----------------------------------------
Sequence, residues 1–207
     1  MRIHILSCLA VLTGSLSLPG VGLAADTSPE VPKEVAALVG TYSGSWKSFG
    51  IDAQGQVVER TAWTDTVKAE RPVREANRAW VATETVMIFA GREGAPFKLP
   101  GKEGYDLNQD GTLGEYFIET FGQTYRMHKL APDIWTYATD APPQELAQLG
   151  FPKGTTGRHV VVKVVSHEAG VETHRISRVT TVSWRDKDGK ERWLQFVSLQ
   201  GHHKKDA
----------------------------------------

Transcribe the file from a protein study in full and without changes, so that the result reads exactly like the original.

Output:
Sequence, residues 1–207
     1  MRIHILSCLA VLTGSLSLPG VGLAADTSPE VPKEVAALVG TYSGSWKSFG
    51  IDAQGQVVER TAWTDTVKAE RPVREANRAW VATETVMIFA GREGAPFKLP
   101  GKEGYDLNQD GTLGEYFIET FGQTYRMHKL APDIWTYATD APPQELAQLG
   151  FPKGTTGRHV VVKVVSHEAG VETHRISRVT TVSWRDKDGK ERWLQFVSLQ
   201  GHHKKDA